Toward the end of each year, many Americans give more than thanks and gifts.
As you’re likely aware, the six-or-so winter weeks between Giving Tuesday (the Tuesday after Thanksgiving) and the start of the New Year is when one third of annual giving takes place. Despite a fairly disastrous news year in 2017, donors remained energized, and gave even more generously this past “giving season” than the one before.
That’s great news, but it does beg the question: what happens once that holiday rush is done? How can people and organizations trying to better their communities still fundraise effectively once giving season is over and it’s just plain old boring winter for the next few months? (Or maybe for you it begs the question: “I started this project, but now I’m wondering if the timing is all wrong. Help!”)
Continue reading Winter fundraising: How to get attention & dollars for your project after the holiday rush
How does ioby staff help project leaders decide which fundraising strategies are best? Well, up to this point, experience, “best practices,” and intuition have been our guide. ioby Leader Success Strategists, ioby’s in-house fundraising coaches, have supported 1,400 ioby Leaders in raising over $4 million in funding. They’ve done this work for years. “We have a pretty good sense for which strategies are helpful to ioby Leaders and which are duds” says Lauren Patti, Leader Success Strategist since 2014, “but we can do even better.”
Continue reading Nerd alert! Shiny new data about our ioby community and fundraising!
Arts nonprofits help people express themselves and build community to create new ways of looking at the world. In order to do this well, arts groups need to juggle many priorities, from planning programs to spreading awareness on social media to enlisting volunteers – and of course, there’s FUNDRAISING. At ioby, we think crowdfunding can be an important tool in every nonprofit’s toolkit, and arts nonprofits have been some of our greatest fundraisers.
Continue reading 10 great crowdfunding projects for nonprofit arts organizations
Wondering if your group needs to formally incorporate as a nonprofit organization before you can fundraise? Friends, we are here to tell you that the answer is a loud-and-proud: NOPE!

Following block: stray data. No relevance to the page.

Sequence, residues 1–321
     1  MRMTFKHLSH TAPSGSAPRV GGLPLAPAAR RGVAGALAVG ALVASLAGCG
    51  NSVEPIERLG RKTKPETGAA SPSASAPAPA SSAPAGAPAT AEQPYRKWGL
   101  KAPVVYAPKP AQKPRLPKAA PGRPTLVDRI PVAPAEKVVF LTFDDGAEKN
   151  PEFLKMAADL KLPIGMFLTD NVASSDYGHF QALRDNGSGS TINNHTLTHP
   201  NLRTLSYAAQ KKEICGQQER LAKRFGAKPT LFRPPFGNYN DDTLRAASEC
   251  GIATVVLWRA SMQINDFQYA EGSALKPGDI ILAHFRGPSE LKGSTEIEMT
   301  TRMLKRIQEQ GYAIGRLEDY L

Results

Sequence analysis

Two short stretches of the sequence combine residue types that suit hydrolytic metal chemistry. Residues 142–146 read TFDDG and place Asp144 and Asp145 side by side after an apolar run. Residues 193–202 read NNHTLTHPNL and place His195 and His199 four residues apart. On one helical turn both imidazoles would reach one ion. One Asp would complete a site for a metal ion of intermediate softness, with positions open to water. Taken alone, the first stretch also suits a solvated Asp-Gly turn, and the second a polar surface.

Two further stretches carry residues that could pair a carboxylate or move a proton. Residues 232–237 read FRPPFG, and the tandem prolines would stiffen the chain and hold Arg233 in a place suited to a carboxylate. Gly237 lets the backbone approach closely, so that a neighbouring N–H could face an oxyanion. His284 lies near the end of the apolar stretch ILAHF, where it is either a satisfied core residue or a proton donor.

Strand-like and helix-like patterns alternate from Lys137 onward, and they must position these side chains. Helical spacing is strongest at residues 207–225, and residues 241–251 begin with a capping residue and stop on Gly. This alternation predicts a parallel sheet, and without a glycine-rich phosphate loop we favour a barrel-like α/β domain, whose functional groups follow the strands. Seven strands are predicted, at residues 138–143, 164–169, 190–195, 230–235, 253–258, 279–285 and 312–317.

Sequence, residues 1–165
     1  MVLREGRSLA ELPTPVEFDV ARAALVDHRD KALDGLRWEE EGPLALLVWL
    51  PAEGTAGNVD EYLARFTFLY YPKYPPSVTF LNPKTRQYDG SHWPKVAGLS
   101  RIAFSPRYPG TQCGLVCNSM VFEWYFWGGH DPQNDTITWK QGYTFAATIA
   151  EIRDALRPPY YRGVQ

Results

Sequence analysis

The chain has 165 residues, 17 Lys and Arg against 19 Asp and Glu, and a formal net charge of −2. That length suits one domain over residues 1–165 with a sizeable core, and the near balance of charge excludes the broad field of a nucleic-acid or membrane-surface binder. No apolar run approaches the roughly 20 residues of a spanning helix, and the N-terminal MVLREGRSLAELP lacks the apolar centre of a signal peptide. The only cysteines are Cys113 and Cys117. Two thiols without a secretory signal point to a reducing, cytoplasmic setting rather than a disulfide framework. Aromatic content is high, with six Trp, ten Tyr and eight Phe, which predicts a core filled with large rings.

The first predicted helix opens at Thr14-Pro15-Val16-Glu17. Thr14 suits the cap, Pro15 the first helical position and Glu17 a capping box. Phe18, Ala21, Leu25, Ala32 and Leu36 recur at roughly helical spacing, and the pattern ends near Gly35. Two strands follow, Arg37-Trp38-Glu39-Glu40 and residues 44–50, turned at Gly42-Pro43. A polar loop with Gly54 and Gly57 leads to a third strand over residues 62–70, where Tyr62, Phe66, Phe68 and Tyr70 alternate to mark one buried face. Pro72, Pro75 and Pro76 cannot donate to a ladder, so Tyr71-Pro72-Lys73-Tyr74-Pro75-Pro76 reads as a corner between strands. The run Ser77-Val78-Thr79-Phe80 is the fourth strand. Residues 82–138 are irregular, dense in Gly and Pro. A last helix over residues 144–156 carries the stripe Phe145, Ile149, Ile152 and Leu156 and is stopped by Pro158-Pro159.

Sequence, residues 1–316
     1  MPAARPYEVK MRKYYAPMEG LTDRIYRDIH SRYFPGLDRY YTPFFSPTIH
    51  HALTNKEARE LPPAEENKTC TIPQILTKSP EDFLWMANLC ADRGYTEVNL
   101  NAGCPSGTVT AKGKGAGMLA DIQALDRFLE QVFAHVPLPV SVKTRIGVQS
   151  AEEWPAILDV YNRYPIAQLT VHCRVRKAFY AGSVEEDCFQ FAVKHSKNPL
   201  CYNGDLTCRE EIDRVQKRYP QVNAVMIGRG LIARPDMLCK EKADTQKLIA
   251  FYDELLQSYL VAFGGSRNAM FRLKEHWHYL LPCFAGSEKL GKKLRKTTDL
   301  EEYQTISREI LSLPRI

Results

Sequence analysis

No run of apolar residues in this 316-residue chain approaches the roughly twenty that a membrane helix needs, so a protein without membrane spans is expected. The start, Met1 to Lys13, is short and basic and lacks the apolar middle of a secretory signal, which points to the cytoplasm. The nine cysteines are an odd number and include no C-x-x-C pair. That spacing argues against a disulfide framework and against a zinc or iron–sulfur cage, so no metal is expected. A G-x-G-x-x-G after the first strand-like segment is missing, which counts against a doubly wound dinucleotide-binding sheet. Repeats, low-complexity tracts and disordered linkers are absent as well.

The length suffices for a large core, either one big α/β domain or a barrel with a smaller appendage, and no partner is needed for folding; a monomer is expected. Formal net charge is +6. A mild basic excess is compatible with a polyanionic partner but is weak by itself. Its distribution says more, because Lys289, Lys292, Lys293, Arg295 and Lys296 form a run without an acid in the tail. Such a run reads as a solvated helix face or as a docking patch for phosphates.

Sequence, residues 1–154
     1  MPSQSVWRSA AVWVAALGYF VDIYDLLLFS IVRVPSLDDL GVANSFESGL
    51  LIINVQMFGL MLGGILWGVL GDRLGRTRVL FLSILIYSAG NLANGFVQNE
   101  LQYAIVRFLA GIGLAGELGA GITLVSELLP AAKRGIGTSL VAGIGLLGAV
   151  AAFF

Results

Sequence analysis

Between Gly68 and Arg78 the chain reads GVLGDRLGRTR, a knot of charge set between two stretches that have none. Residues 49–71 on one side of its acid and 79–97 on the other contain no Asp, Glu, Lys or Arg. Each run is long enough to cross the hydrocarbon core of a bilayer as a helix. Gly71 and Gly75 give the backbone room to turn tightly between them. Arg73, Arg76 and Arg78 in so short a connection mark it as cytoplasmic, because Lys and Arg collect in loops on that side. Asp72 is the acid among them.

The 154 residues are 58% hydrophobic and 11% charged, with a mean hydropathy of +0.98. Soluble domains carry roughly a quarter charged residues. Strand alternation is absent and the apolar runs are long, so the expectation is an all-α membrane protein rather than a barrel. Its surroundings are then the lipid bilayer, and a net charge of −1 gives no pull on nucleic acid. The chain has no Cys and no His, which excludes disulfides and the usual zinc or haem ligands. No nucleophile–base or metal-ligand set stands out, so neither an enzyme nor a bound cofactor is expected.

Continue reading How to fundraise if you’re not a 501(c)3 nonprofit
Dawn Glasco, a Community Engagement Coordinator who works with children, has lived on East 76th street, Cleveland, for the past 10 years. And right outside her window, across the street from her home, all those years, had sat a large vacant lot — run down, overgrown with tall grass that the city wasn’t mowing, and littered with trash. A couple of years ago, Glasco started to feel ready to do something about it, summoned her courage, and began going door to door, asking neighbors if they’d join a group effort to beautify the street and turn the lot into an outdoor classroom. She also called the city, asked them to come and mow, and got permission to improve the lot. Glasco’s neighbors were receptive, and so was the city. For her, a door had opened.
Continue reading AWESOME PROJECT: A garden classroom and a space for possibility in Cleveland
New to ioby? New to crowdfunding? Trying to decide whether our platform is right for your idea?
Our introductory webinars give a basic introduction to crowdfunding with ioby, including our top tips for successful campaign planning, proven grassroots fundraising techniques, case studies of successfully funded projects, and an opportunity for you to ask questions.
We offer a general webinar, “Secrets of Crowdfunding Success,” that is geared toward anyone with an interest in crowdfunding for neighborhood projects. We’ll be conducting this webinar three times in coming weeks:
- Thursday, May 28th @ 12:30 – 1:30 pm EST
- Wednesday, June 3rd @ 5:00 – 6:00 pm EST
- Tuesday, June 9th @ 9:00 – 10:00 am EST
Click here to register for one of our introductory webinars.
We also regularly offer introductory webinars in major topic areas such as parks, safe streets, and community gardening.
We’re offering Crowdfunding for Parks Projects on Wednesday, May 27th @ 12:00 – 1:00 pm EST
Click here to register for our “Crowdfunding for Parks Projects” webinar.
If you’re interested in finding out more about crowdfunding for neighborhood projects but can’t make any of these times, or want to ask specific question about your idea, feel free to contact us at firstname.lastname@example.org.
James McGirk’s calculus equation (Wired, June 2014) to a successful crowdfunding campaign has some good points.